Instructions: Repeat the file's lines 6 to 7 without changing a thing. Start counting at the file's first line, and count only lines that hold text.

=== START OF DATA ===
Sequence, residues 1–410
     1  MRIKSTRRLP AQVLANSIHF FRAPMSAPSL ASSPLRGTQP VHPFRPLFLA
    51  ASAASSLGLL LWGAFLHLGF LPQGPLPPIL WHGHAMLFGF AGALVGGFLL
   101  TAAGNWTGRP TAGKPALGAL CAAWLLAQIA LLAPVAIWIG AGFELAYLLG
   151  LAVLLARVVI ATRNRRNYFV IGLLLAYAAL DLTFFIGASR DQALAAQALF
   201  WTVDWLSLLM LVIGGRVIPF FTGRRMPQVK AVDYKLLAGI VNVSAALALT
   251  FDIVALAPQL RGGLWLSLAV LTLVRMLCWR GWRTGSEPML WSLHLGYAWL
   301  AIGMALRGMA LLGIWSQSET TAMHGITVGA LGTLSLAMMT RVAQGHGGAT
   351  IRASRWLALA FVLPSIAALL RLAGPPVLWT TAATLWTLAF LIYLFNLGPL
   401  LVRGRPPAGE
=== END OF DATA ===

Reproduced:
   201  WTVDWLSLLM LVIGGRVIPF FTGRRMPQVK AVDYKLLAGI VNVSAALALT
   251  FDIVALAPQL RGGLWLSLAV LTLVRMLCWR GWRTGSEPML WSLHLGYAWL